Body Image

Reflections on and photos from the Fat Studies conference

13 September, 2010

As I mentioned in my last post, the Fat Studies conference was incredible. I’m not sure where to begin telling you about the people I met, the talks I heard and the discussions I had but I figured I may as well do a round up of sorts of all the talks I went to. I hope to attend, maybe even present again, next year!


Keynote address

“I’d kill anyone who tried to take my band away”: Obesity surgery, critical fat politics and the “problem” of patient demand. Dr Karen Throsby, University of Warwick, UK.

Going into this presentation, the first of the conference, I was a little nervous. I knew a lot of the presentations were focused on fat activism and body diversity, but a few were about “health interventions” like gastric banding and bypass. I can be very defensive about body minimising and reduction practices and procedures and really appreciate spaces that don’t talk about them (such as specific blogs and forums within the fat-o-sphere that uphold anti-diet talk and anti-body negativity rules).

Karen’s presentation talked about ways of working critically in relationship to fatphobic practices like obesity surgery without alienating people who have had surgery or diet, or who want to. I can’t deny this isn’t a significant issue – many of my friends struggle with feeling like they ought to have surgery or go on diets (practices and procedures that pose significant health risks!) and I also have friends who have had surgery or gone on diets. Their struggle with wanting to be a part of fat activism and/ or acceptance while still desiring to reduce weight has been painfully clear to me.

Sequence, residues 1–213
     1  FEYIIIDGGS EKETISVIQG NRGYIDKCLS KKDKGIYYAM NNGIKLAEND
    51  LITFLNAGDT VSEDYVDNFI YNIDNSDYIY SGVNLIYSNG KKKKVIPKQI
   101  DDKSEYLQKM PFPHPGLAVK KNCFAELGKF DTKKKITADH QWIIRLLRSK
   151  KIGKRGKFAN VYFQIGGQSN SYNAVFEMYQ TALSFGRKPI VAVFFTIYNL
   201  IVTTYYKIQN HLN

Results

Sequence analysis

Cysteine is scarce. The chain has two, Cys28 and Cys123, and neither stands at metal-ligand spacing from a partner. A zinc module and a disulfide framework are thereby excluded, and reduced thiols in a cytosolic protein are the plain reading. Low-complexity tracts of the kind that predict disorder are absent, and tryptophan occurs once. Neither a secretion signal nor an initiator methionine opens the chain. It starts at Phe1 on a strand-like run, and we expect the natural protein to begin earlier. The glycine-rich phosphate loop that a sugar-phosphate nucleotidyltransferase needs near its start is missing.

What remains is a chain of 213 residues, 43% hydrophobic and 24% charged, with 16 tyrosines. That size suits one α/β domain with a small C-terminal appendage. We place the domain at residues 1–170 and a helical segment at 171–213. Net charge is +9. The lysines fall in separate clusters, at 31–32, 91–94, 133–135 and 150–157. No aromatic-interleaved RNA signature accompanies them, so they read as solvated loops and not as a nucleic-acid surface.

I came out of this presentation hoping to be more open to discussion of the problematic body minimising practices and procedures with friends and peers who desire and have undergone them.

Collateral Damage in the War on Obesity. Kath Read,, Australia.

Kath’s talk was a personal account of her experience as a fat person, participating in weight minimisation for her “health” and having her health suffer deeply as a consequence. I think that people who go on about the “war on obesity” and the “obesity epidemic” fail to understand that fat bodies actually have human beings inside them, and that thin is not a direct path to good health. It is an approach that has fallout for these individuals, often leading to poor mental health as well as doing actual damage to the physical body through surgery and dieting. You can read Kath’s paper on her blog.

Why EVERYONE but fatties are allowed to be experts on “obesity”: A critical discussion. Dr Samantha Thomas, Monash University, Australia.

Samantha works in sociology and consumer research, and invests a lot of her time in researching why fat people aren’t treated as actual stakeholders when it comes to matters of medicalised “obesity”. Her talk really highlighted that society seems to make the fat person invisible while trying to figure out what to do about the problem of fatness. It was fascinating to hear her talk about what she does, and the things she has learnt while working with obesity researchers who are in favour of, and are funded by the manufacturers of, obesity surgery interventions like gastric banding. Samantha also does a lot of valuable work with the media, something I personally appreciate!